The sharks are close to La Paz, in a protected area. Only designated boats are allowed in the area so taking either Rhapsody or our dinghy was not an option.
We chose a small tour group to take us out. VIP tours in La Paz limits their group to six people and rotates two in the water at a time to give the best experience both for the swimmers and the shark.
The first image we had of the fish was just a shadow near the surface.
The water was quite shallow, sometimes as little as 5 feet, quite amazing when you consider the size of these creatures.
Each group had three opportunities to swim with the shark. Our shark was approximately 14 - 16 feet and allowed us to swim along side, seemingly undisturbed.
The coloring was remarkable. Watching the light play across its back, realizing how its spots and speckles worked in concert with the sunlight to help camouflage the fish. The underside is a lighter color so that when viewed from below it blends in better with the sky.
The tail swished side to side. This is an indication that it is a fish, that, and the gills on the side of its head. The tails of aquatic mammals, such as dolphins, go up and down providing different propulsion.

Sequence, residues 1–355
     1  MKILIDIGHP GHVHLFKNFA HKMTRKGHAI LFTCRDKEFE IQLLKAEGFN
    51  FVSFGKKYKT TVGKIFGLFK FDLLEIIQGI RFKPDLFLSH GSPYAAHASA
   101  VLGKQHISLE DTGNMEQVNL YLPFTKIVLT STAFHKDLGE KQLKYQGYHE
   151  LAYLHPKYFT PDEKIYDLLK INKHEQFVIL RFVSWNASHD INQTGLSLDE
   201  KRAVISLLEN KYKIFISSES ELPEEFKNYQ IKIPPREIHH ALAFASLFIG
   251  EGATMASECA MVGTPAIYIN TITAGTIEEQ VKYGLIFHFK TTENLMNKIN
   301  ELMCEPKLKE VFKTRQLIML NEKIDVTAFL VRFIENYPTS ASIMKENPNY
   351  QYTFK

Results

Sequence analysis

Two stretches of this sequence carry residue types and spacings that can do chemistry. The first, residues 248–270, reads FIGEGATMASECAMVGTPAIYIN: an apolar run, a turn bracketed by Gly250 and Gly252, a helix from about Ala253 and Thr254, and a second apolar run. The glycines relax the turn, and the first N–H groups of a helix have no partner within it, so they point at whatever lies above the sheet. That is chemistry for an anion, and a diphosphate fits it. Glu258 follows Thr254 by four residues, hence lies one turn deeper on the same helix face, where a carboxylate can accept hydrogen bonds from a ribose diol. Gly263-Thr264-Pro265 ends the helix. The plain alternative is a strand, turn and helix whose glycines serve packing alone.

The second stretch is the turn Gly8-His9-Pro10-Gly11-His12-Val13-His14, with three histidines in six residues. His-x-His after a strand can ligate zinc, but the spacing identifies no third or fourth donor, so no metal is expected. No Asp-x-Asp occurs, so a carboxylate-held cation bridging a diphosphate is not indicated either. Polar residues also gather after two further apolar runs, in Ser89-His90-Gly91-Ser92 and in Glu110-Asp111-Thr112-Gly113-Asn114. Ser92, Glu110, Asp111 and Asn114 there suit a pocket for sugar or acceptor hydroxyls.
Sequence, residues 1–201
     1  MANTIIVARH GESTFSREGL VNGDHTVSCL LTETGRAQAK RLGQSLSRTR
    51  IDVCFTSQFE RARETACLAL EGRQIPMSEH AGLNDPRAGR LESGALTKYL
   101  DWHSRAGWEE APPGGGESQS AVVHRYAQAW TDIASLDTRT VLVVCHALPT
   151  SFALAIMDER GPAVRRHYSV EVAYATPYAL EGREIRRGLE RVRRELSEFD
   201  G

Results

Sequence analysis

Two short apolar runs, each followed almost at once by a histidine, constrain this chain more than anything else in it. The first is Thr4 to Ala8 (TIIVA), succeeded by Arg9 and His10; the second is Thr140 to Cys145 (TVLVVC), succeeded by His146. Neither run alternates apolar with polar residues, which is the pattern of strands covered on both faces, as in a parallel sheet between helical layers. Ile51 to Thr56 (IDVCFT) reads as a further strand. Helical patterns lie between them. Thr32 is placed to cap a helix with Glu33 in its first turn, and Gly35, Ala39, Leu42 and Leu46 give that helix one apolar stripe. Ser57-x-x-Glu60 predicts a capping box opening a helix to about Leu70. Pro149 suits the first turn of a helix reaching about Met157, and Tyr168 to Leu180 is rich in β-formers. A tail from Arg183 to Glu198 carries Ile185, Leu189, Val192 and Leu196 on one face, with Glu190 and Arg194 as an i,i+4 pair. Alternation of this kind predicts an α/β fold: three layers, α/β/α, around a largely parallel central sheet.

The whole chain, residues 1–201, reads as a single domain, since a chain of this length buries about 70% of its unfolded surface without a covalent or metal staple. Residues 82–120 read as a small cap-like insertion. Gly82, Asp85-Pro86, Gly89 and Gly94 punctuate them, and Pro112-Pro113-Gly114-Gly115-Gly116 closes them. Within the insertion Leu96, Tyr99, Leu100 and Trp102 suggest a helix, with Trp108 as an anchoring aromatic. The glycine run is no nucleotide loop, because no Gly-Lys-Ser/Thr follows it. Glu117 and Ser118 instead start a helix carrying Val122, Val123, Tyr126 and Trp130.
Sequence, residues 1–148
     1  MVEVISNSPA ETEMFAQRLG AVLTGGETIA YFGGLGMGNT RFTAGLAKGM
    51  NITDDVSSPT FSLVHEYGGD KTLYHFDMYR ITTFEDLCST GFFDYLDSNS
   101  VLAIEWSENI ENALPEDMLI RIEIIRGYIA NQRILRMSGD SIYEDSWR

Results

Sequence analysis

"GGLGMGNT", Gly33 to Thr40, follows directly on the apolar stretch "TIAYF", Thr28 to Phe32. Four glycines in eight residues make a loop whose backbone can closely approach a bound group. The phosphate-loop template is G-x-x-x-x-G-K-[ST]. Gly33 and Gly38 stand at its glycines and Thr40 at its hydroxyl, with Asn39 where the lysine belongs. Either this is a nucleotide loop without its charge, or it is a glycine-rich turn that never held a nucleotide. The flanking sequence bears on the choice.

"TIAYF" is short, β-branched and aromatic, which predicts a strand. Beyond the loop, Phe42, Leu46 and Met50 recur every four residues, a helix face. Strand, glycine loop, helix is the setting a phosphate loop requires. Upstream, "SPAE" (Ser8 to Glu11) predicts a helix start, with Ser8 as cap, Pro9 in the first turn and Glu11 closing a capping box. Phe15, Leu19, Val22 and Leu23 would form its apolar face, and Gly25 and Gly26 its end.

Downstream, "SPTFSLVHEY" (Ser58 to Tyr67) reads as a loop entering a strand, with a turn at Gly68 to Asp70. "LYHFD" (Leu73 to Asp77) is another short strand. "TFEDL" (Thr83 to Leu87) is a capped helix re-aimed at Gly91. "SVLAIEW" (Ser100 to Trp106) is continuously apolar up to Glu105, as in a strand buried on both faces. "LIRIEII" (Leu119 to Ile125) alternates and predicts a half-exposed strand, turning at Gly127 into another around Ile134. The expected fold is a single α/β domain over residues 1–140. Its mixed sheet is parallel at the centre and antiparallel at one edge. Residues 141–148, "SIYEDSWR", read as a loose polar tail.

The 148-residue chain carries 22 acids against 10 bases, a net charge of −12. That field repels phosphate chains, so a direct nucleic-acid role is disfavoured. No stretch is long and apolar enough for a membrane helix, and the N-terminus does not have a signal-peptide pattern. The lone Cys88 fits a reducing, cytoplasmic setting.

We were cautioned not to touch the shark, but we were able to get quite close. It swam very lazily, allowing us to swim along. We stayed along and behind, because there was the possibility that if we swam in front we would be perceived as a threat and the whale shark would dive.
We swam with the whale shark for a few hours, and then it was time to return to the marina.
I feel very lucky that we had the chance to do this and that the whale shark tolerated our presence. I look forward to having a chance to do this again as we hear that there are opportunities to swim with the mature whale sharks in the South Pacific. I should have realized that I would not be able to to cross this off my bucket list in just one try!